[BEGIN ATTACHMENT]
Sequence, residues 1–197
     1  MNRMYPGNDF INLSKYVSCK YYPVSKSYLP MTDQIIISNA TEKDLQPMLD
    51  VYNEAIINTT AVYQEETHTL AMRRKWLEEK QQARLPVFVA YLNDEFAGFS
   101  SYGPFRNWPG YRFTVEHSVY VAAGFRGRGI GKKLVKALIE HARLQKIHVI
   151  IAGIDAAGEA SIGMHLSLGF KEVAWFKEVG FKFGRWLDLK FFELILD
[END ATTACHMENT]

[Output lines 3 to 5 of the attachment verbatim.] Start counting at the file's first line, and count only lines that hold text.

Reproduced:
    51  VYNEAIINTT AVYQEETHTL AMRRKWLEEK QQARLPVFVA YLNDEFAGFS
   101  SYGPFRNWPG YRFTVEHSVY VAAGFRGRGI GKKLVKALIE HARLQKIHVI
   151  IAGIDAAGEA SIGMHLSLGF KEVAWFKEVG FKFGRWLDLK FFELILD